CSPS investigators study suicide prevention across the lifespan—children, adolescents, emerging adults, adults in the middle years, and older adults.
Youth Suicide Prevention
Dr. Arielle Sheftall studies developmental mechanisms that confer risk for suicide in childhood, including emotion regulation (Sheftall et al., 2021), as well as racial disparities in suicidal behavior among youth (Sheftall et al., 2022), and interventions to promote mental health and prevent suicide for Black youth. A current project involves a randomized control trial that investigates the effectiveness of two non-traditional methods of therapy in decreasing depression and anxiety symptomology as well as suicidal behavior (Learn more). Dr. Sheftall described her program of research at the NIH Clinical Center Grand Rounds on November 2, 2022.
Dr. Liz Handley studies the role of childhood maltreatment in increasing risk for suicide among youth at the Mt. Hope Family Center, a national leader in research and clinical care on developmental psychopathology.
Adults in the Middle Years
CSPS investigators develop and test clinical interventions that target biopsychosocial risk factors for suicide in adulthood, including:
History of suicide ideation and attempt: Dr. Tony Pisani is conducting an RCT of the Attempted Suicide Short Intervention Program (ASSIP), which is a manualized 3-session intervention for recent suicide attempt survivors that produced dramatic reductions in suicide attempts in an initial efficacy trial in Switzerland. Dr. Pisani’s current trial is testing its effectiveness in the US public mental health care system, examine theoretically grounded mechanisms, and explore cost-effectiveness. ASSIP is currently being implemented by New York State in a Zero Suicide initiative funded by SAMHSA, which provides the setting for this trial.
Pain: Dr. Lisham Ashrafioun studies suicide and overdose risk among individuals with chronic pain and/or substance use disorders through psychosocial interventions and employing strategies to increase engagement in evidence-based treatments. Recent projects include addressing perceived social isolation and beliefs acting as barriers to treatment to improve overall functioning in individuals with chronic pain and substance use disorders. Dr. Paul Geha studies chronic pain & mental health outcomes (including suicide risk) using methodologies such as brain imaging and natural language processing.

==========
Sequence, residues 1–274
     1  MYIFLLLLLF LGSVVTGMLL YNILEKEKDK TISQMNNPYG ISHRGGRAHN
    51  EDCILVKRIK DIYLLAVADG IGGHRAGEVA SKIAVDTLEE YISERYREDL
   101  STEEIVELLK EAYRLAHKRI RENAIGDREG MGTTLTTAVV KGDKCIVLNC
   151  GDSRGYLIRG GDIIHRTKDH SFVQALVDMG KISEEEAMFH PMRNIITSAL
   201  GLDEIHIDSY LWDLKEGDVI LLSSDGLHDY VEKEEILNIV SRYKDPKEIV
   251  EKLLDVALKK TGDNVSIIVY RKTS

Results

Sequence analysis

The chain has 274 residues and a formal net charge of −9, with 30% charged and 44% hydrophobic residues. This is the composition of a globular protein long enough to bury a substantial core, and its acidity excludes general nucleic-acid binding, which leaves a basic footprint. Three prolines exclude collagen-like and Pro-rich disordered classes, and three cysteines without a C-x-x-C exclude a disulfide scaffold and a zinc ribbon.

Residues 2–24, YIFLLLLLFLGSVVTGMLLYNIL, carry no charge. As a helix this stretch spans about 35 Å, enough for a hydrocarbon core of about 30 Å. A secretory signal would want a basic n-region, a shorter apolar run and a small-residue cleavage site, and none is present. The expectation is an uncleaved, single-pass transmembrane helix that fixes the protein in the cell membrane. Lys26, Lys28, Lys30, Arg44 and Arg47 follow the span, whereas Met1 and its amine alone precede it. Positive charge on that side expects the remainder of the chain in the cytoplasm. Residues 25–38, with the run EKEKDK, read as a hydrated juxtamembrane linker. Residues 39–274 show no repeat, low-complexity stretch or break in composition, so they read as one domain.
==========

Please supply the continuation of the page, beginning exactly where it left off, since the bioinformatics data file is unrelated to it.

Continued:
Sleep: Drs. Wil Pigeon and Todd Bishop study cognitive-behavioral therapy for insomnia, as well as treatments for nightmares.
Substance abuse: Dr. Ken Conner studies treatments for individuals with substance abuse disorders who are at risk for suicide, including a recently completed study examining the Attempted Suicide Short Intervention Program (ASSIP) for this population. Drs. Conner and Aldalur also study brief behavioral interventions to promote treatment-seeking in populations at risk for suicide.
Social connection: Dr. Kim Van Orden studies behavioral interventions to promote social connection in later life to prevent suicide, including a brief psychotherapy called Engage Coaching (Van Orden, Conwell, & Arean, 2021). Dr. Caroline Silva is studying an adaptation of Engage Coaching for Spanish speakers at risk for suicide, including measuring outcomes via innovative smartphone technology (Silva et al., 2022). Dr. Van Orden and Dr. Conwell collaborate on studies that test community-based social services as a means to promote social connection in later life, including peer companionship (The Senior Connection study; Conwell et al., 2021) and AmeriCorps Seniors volunteering (The HOPE Project; Van Orden et al., 2022). Dr. Aileen Aldalur studies how to connect individuals with identify as Deaf/Hard of Hearing to mental health services as a means of suicide prevention, including consideration of the role of Deaf Acculturative Stress (Aldalur, Pick, & Schooler, 2021).